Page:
Sophie Mehrlich, an ayurvedic massage practitioner in our Exeter centre offers some simple tips to help you develop a better sleep routine…
A busy lifestyle, responsibilities galore, not enough hours in the day - and don’t even talk to me about stress….it’s no wonder we can all struggle to get good quality sleep.
Sometimes when you’re going through it, it can feel like pure luck as to whether you sleep well or not. But, actually, there are a lot of things that can stack the odds in your favour, and help your body get that wonderful, restful, rejuvenating sleep that we all feel so good on.
Here are some areas to think about in your life.
Environment: Surroundings certainly affect our bodies. We all know the difference in how we respond to a chaotic space in comparison to a tidy room. Having a calm restful bedroom will aid your ability to switch off at the end of the day. Keep a clear distinction between bedrooms for rest and self-care and other spaces in your home for work, or family. Keep those things such as TV, phones, and tablets, which can have quite an impact on your ability to switch off, out of the bedroom.
Routine: When children are born you become aware of the power of routine. Little moments we use night after night…. a bath, teeth, bedtime story, all become triggers or cues to our children’s bodies that sleep is approaching. As we get older, we forget how well this works. Creating a routine doesn’t need to be time-consuming either. Think of two or three things that you can do every night that signal it is bedtime. I love to use lavender or geranium essential oils in a bath, brush my teeth (of course!), and do a few minutes of meditation. Try to keep your bedtime the same each night too, which can also be a helpful trigger for your body clock.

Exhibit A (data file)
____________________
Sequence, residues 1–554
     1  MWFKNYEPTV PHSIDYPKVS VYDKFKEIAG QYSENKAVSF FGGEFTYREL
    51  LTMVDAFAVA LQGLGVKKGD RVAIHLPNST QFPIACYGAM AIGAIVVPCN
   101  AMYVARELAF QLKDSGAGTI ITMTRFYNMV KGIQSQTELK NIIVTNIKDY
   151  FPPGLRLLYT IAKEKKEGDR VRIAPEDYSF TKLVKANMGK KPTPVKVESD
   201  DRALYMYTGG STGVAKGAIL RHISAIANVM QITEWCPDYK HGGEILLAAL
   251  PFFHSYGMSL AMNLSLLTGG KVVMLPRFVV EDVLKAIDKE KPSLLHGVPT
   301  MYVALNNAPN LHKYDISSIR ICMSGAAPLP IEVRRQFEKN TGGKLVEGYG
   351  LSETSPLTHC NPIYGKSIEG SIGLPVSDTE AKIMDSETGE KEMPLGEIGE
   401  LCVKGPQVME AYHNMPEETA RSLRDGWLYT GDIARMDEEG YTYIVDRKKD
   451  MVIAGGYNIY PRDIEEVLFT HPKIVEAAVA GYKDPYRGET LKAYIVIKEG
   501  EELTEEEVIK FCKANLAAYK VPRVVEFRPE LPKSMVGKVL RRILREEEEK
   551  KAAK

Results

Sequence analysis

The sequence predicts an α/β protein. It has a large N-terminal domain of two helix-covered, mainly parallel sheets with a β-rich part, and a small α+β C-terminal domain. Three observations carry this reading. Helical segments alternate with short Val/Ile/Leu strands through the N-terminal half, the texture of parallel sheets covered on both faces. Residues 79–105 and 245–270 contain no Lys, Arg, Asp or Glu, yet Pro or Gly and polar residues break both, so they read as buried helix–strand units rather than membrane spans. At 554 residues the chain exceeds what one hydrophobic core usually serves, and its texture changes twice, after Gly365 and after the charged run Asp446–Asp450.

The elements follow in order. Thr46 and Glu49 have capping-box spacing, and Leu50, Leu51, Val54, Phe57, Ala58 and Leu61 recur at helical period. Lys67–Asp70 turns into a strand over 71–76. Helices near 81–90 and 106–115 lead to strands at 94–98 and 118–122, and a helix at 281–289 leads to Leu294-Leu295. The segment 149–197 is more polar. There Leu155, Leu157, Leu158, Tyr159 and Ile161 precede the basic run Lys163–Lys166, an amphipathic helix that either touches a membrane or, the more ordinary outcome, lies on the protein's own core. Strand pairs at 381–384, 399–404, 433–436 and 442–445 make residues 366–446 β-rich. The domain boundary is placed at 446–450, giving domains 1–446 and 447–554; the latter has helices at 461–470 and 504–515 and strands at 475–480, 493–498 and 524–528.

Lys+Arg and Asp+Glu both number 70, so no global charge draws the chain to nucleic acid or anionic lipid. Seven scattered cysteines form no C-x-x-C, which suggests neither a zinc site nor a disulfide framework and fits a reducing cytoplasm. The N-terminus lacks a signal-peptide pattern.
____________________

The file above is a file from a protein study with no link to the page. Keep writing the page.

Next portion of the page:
Preparation: Stress affects how we fall asleep, and can also prevent us from staying asleep, it’s especially hard to shake in the still of the night. If you’re going through a stressful time, writing in a journal for ten minutes at each end of the day can help offload, allowing you some headspace to relax, and slowing your brain down for the sleep period ahead. I also love using Abhyanga, an Ayurvedic oil massage that’s wonderful at relieving stress as well as having many health benefits. And keep an eye on what – and when - you eat in the evening, allowing your body three hours before bed for digestion frees your body to focus on ‘house cleaning’ while you sleep. Being mindful of your liquid intake can really help too; as can keeping coffee to before midday and switching to calming herbal tea later in the day.
Circadian Rhythms: Connection to the sun is an important part of nature. As the sun starts to set, blue light is reduced, triggering our brain to start production of melatonin, a chemical needed to enable us to feel sleepy and get a good night’s kip. These days, however, the technology at our fingertips radiates blue light from the screens telling our brains to “shut off the melatonin, we’ve hours left in the day yet!!” Putting some boundaries around screen time goes a long way to helping your body get ready for sleep. Natural daylight exposure early in the day is also great for regulating melatonin secretion. Why not experiment for a week and see what a difference it would make in your life or your children’s?